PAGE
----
I registered on a couple of British sites with technical vacancies. Ah, what salaries were indicated there! But no one answered my responses on these sites, and no one looked at my resume. But somehow British recruiters found me, talked to me, showed me some vacancies and even sent my resume to employers. In the process, they convinced me that 60 thousand pounds a year is a lot, no one will take me with such Wishlist. It also turned out that according to the resume, I am a job hopper, because changed 4 jobs in 6 years, but you need to spend at least 2 years on each.

    I did not regret 50 pounds and sent my resume for revision to professionals. The professional gave me some result, I made a couple of comments, he fixed it. For another 25 pounds I was offered to write a cover letter, but I, not impressed by their previous result, refused. I used the resume itself in the future, but its effectiveness has not changed. So I am inclined to consider such services as a divorce of gullible and insecure applicants.

    By the way, British and Irish recruiters have a bad habit of calling without warning. The bell can overtake anywhere - in the subway, at lunch in a noisy dining room, in the toilet, after all. Only if they drop their call, they write a letter with the question "When will it be convenient to talk?"

    Yes, I started sending resumes to Ireland. The reaction was very weak - 2 unsuccessful calls and a polite letter with a refusal in response to a dozen and a half or two resumes sent. I got the impression that there are 8-10 recruitment agencies in all of Ireland, and in each I have written at least once.


    Then I decided that it was time to expand the geography of searches. Where else do you speak English well? In Sweden and the Netherlands. I have not been to the Netherlands before, but I had to in Sweden. The country did not cause enthusiasm, but you can try. Here are just vacancies in Sweden in my profile was even less than in Ireland. As a result, I received one video interview with HR from Spotify, which I did not go beyond, and a short correspondence with Flightradar24. These guys quietly merged when it turned out that I was not going to work for them remotely with the prospect of someday relocating to Stockholm.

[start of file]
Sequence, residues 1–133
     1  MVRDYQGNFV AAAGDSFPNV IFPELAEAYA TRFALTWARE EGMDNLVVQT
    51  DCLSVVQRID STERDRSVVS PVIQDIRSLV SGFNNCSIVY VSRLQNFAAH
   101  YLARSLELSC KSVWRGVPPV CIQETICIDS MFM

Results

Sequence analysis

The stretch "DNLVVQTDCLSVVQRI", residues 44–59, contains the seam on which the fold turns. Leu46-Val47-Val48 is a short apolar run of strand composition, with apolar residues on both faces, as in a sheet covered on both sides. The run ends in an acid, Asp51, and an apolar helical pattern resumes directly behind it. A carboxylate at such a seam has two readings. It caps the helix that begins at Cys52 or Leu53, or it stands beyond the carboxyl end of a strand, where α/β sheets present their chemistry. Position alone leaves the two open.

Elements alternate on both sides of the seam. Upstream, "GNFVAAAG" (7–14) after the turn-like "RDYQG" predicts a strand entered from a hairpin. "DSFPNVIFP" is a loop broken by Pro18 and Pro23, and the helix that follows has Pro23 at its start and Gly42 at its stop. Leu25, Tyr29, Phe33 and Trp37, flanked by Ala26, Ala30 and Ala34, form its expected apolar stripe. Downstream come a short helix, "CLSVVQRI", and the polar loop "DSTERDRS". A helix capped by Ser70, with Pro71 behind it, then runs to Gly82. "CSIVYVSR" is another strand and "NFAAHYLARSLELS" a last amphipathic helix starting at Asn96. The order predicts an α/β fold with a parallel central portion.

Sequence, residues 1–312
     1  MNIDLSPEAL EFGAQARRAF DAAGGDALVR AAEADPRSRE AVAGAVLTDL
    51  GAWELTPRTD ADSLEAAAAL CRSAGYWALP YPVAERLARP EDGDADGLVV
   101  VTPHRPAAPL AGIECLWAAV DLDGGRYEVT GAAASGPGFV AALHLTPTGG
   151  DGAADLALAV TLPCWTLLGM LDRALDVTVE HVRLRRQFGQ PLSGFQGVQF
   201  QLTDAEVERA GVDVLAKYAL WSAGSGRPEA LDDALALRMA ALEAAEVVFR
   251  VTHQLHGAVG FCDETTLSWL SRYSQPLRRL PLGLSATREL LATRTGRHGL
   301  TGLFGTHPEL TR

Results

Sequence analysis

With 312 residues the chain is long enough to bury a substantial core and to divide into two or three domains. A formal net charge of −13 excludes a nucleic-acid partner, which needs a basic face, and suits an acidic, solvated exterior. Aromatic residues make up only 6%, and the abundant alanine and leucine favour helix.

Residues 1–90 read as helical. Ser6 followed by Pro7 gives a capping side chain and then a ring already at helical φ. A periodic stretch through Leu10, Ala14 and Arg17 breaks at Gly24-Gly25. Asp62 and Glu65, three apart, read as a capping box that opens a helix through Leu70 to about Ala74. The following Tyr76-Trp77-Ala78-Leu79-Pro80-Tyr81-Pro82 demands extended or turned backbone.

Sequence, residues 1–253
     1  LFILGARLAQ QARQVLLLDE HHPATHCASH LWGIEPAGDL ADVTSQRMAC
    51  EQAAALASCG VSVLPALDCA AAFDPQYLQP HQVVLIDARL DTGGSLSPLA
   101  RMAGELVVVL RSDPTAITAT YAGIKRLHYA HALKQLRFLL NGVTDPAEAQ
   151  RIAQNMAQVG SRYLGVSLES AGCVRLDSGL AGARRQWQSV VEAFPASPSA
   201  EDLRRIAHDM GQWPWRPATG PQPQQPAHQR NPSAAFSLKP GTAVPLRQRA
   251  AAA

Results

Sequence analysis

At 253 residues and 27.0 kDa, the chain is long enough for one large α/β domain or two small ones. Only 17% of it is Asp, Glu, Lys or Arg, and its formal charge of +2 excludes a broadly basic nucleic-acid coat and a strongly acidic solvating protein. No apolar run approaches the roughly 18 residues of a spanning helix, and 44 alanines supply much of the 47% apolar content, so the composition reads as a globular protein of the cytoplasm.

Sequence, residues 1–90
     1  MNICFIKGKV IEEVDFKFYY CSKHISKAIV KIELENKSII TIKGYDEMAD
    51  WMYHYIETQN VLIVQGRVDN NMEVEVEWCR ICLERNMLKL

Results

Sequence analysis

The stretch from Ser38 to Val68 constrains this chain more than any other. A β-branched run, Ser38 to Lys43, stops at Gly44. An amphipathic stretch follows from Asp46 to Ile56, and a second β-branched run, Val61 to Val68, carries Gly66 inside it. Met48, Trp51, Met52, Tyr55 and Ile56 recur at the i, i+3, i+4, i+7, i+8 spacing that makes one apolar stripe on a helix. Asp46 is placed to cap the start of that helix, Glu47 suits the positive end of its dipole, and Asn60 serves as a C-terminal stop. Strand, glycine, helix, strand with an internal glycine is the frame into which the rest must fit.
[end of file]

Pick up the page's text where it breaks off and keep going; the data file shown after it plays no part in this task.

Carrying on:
It's time to get to the Netherlands. To begin with, my wife and I went to Amsterdam for a few days to see how it is. The entire historical center is densely smoked with grass, but on the whole we decided that the country is decent and you can live. So I began to look at vacancies in the Netherlands, not forgetting, however, about London.


    Jobs, compared with Moscow or London, were not many, but more than in Sweden. Somewhere they refused me right away, somewhere after the first online test, somewhere after the first interview with HR (, for example, it was one of the strangest interviews, I still don’t understand what they specifically wanted from me and in general), somewhere - after two video interviews, and in one place after the completed test task.